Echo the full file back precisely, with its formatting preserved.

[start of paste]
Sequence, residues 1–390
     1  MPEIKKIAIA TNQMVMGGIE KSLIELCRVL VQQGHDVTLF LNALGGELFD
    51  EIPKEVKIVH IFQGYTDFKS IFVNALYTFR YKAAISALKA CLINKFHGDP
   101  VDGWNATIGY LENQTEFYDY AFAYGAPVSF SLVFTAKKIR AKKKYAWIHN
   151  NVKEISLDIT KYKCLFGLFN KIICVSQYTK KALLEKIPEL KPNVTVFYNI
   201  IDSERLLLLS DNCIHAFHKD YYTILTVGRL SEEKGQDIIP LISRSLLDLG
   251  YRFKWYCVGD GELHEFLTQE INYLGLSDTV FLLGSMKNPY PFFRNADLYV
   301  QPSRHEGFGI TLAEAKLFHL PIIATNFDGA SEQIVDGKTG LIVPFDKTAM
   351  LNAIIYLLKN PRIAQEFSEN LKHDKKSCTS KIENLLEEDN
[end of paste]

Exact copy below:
Sequence, residues 1–390
     1  MPEIKKIAIA TNQMVMGGIE KSLIELCRVL VQQGHDVTLF LNALGGELFD
    51  EIPKEVKIVH IFQGYTDFKS IFVNALYTFR YKAAISALKA CLINKFHGDP
   101  VDGWNATIGY LENQTEFYDY AFAYGAPVSF SLVFTAKKIR AKKKYAWIHN
   151  NVKEISLDIT KYKCLFGLFN KIICVSQYTK KALLEKIPEL KPNVTVFYNI
   201  IDSERLLLLS DNCIHAFHKD YYTILTVGRL SEEKGQDIIP LISRSLLDLG
   251  YRFKWYCVGD GELHEFLTQE INYLGLSDTV FLLGSMKNPY PFFRNADLYV
   301  QPSRHEGFGI TLAEAKLFHL PIIATNFDGA SEQIVDGKTG LIVPFDKTAM
   351  LNAIIYLLKN PRIAQEFSEN LKHDKKSCTS KIENLLEEDN